Monday, July 12, 2010


http://worldchristianchurches.blogspot.comIn order to get a clear picture of the influences behind the current American biblical scholarship, it is important to understand the history of Catholic settlers and the Jesuit missionary priests in the United States from the colonial period.

Meanwhile, French missionaries focused mainly in what is today Canada, but as time went on their work extended to areas south and west, including the Illinois and Louisiana. They took formal possession of the western country in 1671. However, European opinions and actions were often reflected strongly in the American colonies. The Jesuits in France, considering themselves bound by their profession to combat vice, made enemies for themselves, and although by attaining great strength and influence, also acquired many powerful enemies among members of the Enlightenment and the slackers and mistresses of the nobility. In 1762 there began the systematic suppression of their society, and in the following year the order was supressed in the Illinois country. All their property was sold at auction and the chapels demolished.

The first English colony was actually established by the Catholic convert. His father having died before he could realize his dream, Cecilius Calvert became the Baron of Baltimore. In view of the anti-Catholic laws of the mother country and the overall hostility towards the Catholics, the baron encouraged the erection of churches that were to be dedicated according to the ecclesiastical laws of England. He also preserved a religious toleration for all Christians the the minority. For example, in Maryland in 1634 there were little less than 3,000 Catholics out of a population of 34,000. In Pennsylvania in 1757, there was less than 1,400 Catholics out of a population of about 200,000. Even in 1785 when the entire United States are contained nearly four million people, there was little more than 25,000 Catholics - and no bishop.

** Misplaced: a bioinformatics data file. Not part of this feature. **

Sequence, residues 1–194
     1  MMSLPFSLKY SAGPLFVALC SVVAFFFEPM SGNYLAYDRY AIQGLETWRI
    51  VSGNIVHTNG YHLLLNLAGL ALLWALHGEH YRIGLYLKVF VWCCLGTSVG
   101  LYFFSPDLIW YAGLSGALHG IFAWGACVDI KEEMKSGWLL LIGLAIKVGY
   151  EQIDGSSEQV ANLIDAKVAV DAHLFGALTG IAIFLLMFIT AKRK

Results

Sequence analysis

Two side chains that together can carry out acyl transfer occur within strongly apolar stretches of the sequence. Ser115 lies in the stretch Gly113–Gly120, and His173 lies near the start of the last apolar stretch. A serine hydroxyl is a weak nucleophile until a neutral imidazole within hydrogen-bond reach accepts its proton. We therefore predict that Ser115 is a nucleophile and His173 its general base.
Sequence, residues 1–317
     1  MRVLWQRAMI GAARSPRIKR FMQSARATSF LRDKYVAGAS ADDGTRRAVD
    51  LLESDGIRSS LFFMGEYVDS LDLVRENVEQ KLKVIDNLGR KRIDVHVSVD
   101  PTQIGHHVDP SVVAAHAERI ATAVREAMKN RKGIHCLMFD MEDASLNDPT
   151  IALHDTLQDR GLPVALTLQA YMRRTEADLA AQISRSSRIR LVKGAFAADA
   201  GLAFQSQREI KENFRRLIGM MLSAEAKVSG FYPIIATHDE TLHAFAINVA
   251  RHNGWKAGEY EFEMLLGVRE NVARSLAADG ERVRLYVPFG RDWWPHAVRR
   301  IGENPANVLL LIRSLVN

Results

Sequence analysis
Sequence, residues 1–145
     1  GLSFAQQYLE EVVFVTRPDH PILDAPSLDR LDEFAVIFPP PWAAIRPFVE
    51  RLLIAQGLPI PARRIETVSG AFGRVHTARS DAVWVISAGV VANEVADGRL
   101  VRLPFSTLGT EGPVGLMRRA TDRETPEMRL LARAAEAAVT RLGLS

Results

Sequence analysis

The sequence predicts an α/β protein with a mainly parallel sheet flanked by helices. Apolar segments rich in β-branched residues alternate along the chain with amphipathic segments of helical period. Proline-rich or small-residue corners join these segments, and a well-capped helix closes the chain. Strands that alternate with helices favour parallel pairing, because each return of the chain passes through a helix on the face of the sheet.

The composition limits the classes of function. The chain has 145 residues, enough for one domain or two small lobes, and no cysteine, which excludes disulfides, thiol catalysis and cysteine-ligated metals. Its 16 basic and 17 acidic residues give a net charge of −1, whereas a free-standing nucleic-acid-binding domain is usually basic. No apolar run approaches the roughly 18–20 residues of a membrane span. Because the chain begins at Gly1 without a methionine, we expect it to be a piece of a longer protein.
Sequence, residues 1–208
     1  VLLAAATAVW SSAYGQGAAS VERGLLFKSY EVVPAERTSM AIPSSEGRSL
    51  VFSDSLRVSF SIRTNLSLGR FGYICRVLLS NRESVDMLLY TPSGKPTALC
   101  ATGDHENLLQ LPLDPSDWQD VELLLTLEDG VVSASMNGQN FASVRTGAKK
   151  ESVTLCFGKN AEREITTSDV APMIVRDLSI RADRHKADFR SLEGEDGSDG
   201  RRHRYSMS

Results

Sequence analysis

In 1649 the Act of Toleration was passed, where "blasphemy and the calling of opprobrious religious names" became punishable offenses, but it was repealed in 1654 and Catholics were outlawed again in Maryland. Puritans condemned ten Catholics to death, plundered houses and estates of the Jesuits, and forced the priests to flee in disguise into Virginia. By 1692, Maryland had become a royal colony, the Church of England was established by law, and Catholics were compelled to pay taxes for its support. They were cut off from all participation in public life and additional laws were introduced that forbid religious services and Catholic schools. Maryland did eventually pass an act of religious toleration by the end of 1776.

The other eleven colonies were left uncounted by Jesuit missionaries because their were few if any Catholics living in those areas. The only other colony with any recognizable population of Catholics was New York.

Finally, by the late 1700's, the establishment of Catholic schools, such as the Georgetown Academy in 1791 began. However, the school was open to every religious profession, and students were given liberty to attend the church of their parents choosing. In 1809, St. Elizabeth Seton founded the first school for girls in Emmitsburg, Maryland. Catholic parochial schools numbered about 200 by 1840. Catholic charitable associations also helped alleviate some of the educational pressure. The Sisters of Charity for example, opened their first St. Joseph's Orphanage in 1814. All of the various charitable groups were extremely beneficial in putting Catholics in a better light, because their charity was not confined solely to Catholics, but to all who were in need. Unfortunately, they could not entirely erase the prejudice that still existed.

Another charitable effort among Catholics was the attempt to educate the newly emancipated slaves. The Second Plenary Council in Baltimore in 1866, headed by 45 bishops, decreed that religious instruction be pursued for all, black and white equally. Unfortunately, the southern Protestant attitude against educating the slaves was so intense that many religious orders shied away from the task for fear of all alienating white patronage. Feuds between the religious orders and non-Catholics often forced black Americans out of the schools. Southern bishops tried again and again to acquire workers and funds to render the apostolate effective, but their extreme poverty crippled most of the efforts they made. A few religious communities were now successful, such as the Oblate Sisters of Providence, founded in 1829, and the Mill Hill Fathers of Baltimore in 1871. Bl. Katharine Drexel was also successful in establishing a network of the schools which served upwards of 25,000 black and Indian children and founded Xavier University in New Orleans, the first predominantly black Catholic university in the Western Hemisphere. But, by the end of 1955, their were only 483,671 black Catholics in the United States out of a population of approximately 16,000,000. 

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